Related Rule
Switzerland
Practice Relating to Rule 3. Definition of Combatants
Switzerland’s Regulation on Legal Bases for Conduct during an Engagement (2005) states: “Combatants are members of the armed forces of a party to the conflict, with the exception of medical and religious personnel. In war, they may engage in harmful acts as long as they comply with the rules of the law of armed conflict.” 
Switzerland, Bases légales du comportement à l’engagement (BCE), Règlement 51.007/IVf, Swiss Army, issued based on Article 10 of the Ordinance on the Organization of the Federal Department for Defence, Civil Protection and Sports of 7 March 2003, entry into force on 1 July 2005, § 159(1). In the first sentence of § 159(1), the German language version notes: “Combatants are members of organized [“organisierten”] armed forces, with the exception of medical and religious personnel”.
The Regulation further states that a wounded combatant who continues to shoot “remains a combatant until he lays down his weapons”. 
Switzerland, Bases légales du comportement à l’engagement (BCE), Règlement 51.007/IVf, Swiss Army, issued based on Article 10 of the Ordinance on the Organization of the Federal Department for Defence, Civil Protection and Sports of 7 March 2003, entry into force on 1 July 2005, § 172.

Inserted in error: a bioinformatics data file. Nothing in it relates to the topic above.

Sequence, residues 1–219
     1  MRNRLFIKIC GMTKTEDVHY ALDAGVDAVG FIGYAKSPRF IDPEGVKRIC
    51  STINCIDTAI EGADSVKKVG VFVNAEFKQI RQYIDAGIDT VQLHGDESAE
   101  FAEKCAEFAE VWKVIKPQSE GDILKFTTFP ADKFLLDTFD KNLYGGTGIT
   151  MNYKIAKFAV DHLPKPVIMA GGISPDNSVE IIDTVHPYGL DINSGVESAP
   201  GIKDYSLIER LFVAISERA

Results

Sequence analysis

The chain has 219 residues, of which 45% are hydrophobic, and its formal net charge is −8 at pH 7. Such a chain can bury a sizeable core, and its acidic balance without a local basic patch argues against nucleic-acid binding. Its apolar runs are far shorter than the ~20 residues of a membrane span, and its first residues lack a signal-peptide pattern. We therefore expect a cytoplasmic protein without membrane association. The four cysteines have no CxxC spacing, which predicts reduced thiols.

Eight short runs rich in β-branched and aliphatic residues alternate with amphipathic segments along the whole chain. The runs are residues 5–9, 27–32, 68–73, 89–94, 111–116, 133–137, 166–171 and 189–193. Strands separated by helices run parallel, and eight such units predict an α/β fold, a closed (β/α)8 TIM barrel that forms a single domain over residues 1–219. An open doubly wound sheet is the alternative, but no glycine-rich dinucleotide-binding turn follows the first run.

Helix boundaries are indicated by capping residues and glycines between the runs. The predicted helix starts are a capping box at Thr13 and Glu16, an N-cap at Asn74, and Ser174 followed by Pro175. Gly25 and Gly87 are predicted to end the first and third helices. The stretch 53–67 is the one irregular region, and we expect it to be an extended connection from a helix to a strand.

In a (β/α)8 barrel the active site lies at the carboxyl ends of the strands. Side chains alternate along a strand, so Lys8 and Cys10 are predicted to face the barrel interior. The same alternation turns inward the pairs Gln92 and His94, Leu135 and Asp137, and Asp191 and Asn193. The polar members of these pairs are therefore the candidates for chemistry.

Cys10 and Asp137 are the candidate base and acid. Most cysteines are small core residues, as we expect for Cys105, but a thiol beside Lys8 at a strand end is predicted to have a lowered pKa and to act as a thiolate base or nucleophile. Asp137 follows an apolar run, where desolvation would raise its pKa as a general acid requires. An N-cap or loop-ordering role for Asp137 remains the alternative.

The Regulation also states that “[t]he civilian police are not part of the belligerent forces, as long as they do not take part in the fighting and are not integrated into the armed forces”. 
Switzerland, Bases légales du comportement à l’engagement (BCE), Règlement 51.007/IVf, Swiss Army, issued based on Article 10 of the Ordinance on the Organization of the Federal Department for Defence, Civil Protection and Sports of 7 March 2003, entry into force on 1 July 2005, § 172. The German language version notes: “… as long as they do not take part in the fighting or, respectively, are not integrated into the armed forces [“solange sie nicht am Kampf teilnimmt bzw. nicht in die Streitkräfte integriert ist”]”.
The Regulation further states: “Airborne troops – descending by parachute individually or in formation – are considered combatants”. 
Switzerland, Bases légales du comportement à l’engagement (BCE), Règlement 51.007/IVf, Swiss Army, issued based on Article 10 of the Ordinance on the Organization of the Federal Department for Defence, Civil Protection and Sports of 7 March 2003, entry into force on 1 July 2005, § 184.
The Regulation also states: “Prisoners of war who rejoin their own forces after an escape are again considered combatants.” 
Switzerland, Bases légales du comportement à l’engagement (BCE), Règlement 51.007/IVf, Swiss Army, issued based on Article 10 of the Ordinance on the Organization of the Federal Department for Defence, Civil Protection and Sports of 7 March 2003, entry into force on 1 July 2005, § 196.
Switzerland’s ABC of International Humanitarian Law (2009) states:
Combatants